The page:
Written by Jonny Williamson
The research team, headed by Professor Lee Cronin, Gardiner Chair of Chemistry at the University, has used 3D printing technology to create ‘reactionware’, tiny vessels for chemical reactions which are made from a polymer gel. The chemicals which propel these reactions are already built into the vessels, though that in itself is not a new concept often seen in large-scale chemical engineering.
However this is the first time such a vessel has been created on a laboratory scale and could transform the way scientists, doctors and even the general public create chemicals.
Professor Cronin said of the research:
“It’s long been possible to have lab materials custom-made to include windows or electrodes, for example, but it’s been expensive and time-consuming. We can fabricate these reactionware vessels using a 3D printer in a relatively short time. Even the most complicated vessels we’ve built have only taken a few hours.”
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Although still in the early stages of development, Professor Cronin is optimistic about the future possibilities the new printing process could lead to.
“By making the vessel part of the reaction process, the distinction between the reactor and the reaction becomes hazy. It’s a new way for chemists to think, and it gives us very specific control over reactions because we can continually refine the design of our vessels as required.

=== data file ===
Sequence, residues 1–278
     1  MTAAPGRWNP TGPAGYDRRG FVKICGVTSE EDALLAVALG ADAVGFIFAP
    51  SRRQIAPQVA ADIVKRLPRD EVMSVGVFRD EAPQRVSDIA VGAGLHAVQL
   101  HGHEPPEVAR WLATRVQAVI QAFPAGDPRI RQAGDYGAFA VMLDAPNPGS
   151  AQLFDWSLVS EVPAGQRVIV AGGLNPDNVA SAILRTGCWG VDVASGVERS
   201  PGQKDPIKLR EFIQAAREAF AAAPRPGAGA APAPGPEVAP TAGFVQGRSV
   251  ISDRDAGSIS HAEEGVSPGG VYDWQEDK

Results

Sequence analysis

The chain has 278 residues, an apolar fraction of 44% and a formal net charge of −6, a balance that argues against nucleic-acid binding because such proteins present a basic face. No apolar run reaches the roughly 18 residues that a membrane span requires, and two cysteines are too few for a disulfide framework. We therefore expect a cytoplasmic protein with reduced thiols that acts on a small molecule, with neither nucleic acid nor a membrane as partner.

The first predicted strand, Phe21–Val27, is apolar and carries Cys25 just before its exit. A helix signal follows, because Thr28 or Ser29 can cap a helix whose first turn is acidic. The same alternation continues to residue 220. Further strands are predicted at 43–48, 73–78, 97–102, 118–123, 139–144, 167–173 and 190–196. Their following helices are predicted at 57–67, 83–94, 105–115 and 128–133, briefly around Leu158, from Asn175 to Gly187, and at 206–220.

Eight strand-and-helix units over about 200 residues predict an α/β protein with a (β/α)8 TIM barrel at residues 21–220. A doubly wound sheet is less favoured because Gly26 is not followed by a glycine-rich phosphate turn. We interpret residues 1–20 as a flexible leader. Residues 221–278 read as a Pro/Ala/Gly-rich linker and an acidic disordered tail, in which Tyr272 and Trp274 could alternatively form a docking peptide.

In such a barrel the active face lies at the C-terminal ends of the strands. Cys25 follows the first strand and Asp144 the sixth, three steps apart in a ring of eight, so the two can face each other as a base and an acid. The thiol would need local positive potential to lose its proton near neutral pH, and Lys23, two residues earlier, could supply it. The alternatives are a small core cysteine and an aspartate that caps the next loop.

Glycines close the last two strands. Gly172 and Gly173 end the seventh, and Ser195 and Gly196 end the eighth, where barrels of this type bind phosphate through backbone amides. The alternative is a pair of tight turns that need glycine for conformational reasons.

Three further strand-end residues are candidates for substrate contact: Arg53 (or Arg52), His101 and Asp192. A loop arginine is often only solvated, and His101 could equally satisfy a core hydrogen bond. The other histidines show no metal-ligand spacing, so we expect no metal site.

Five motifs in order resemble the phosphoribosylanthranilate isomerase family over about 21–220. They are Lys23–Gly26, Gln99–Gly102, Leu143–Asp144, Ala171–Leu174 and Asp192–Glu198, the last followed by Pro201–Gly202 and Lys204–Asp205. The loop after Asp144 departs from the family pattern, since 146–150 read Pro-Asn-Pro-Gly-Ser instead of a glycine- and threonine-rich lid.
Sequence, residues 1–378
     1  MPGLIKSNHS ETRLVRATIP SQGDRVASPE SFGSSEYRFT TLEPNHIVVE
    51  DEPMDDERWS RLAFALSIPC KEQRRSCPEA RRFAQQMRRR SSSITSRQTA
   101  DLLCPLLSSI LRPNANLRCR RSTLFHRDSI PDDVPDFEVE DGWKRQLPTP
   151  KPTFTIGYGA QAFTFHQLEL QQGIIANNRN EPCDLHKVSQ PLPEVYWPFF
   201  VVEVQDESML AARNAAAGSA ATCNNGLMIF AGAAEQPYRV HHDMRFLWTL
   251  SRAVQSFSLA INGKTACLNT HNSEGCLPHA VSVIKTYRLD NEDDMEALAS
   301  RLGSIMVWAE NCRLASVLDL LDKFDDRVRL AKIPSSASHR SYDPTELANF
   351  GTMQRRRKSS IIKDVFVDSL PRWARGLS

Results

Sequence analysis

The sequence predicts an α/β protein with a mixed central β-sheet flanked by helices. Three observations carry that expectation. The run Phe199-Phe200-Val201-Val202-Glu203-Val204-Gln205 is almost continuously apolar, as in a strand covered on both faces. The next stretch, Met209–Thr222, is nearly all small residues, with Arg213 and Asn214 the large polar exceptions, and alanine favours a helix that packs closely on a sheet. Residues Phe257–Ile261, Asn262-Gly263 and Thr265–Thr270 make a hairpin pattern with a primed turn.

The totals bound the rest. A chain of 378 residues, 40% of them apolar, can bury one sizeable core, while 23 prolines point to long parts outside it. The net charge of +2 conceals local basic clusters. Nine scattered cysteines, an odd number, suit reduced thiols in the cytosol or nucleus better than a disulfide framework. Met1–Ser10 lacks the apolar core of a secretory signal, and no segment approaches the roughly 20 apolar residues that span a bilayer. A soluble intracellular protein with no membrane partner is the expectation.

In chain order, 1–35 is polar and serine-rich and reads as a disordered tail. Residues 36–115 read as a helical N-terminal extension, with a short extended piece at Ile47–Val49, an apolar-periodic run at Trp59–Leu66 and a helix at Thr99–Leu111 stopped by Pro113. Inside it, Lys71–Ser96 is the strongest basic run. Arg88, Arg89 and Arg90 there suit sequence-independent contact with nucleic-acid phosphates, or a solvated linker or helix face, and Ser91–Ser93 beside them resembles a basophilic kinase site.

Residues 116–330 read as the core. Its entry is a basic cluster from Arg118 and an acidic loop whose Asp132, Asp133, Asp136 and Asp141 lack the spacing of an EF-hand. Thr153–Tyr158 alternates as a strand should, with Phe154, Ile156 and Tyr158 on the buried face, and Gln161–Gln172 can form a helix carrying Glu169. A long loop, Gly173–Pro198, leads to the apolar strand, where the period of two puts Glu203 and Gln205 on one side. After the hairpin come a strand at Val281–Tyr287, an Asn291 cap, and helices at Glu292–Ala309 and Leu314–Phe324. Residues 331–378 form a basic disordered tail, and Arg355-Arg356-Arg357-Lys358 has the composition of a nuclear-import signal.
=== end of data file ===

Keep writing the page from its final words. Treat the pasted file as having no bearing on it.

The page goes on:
“3D printers are becoming increasingly common and affordable. It’s entirely possible that, in the future, we could see chemical engineering technology which is prohibitively expensive today filter down to laboratories and small commercial enterprises.”
Even more importantly, Professor Cronin suggests that 3D printers could revolutionise access to healthcare in the developing world, “allowing diagnosis and treatment to happen in a much more efficient and economical way than is possible now.”
“We could even see 3D printers reach into homes and become fabricators of domestic items, including medications. Perhaps with the introduction of carefully-controlled software ‘apps’, we could see consumers have access to a personal drug designer they could use at home to create the medication they need.”
Professor Cronin’s paper, ‘Integrated 3D-printed reactionware for chemical synthesis and analysis’ is published in Nature Chemistry – a monthly scientific journal.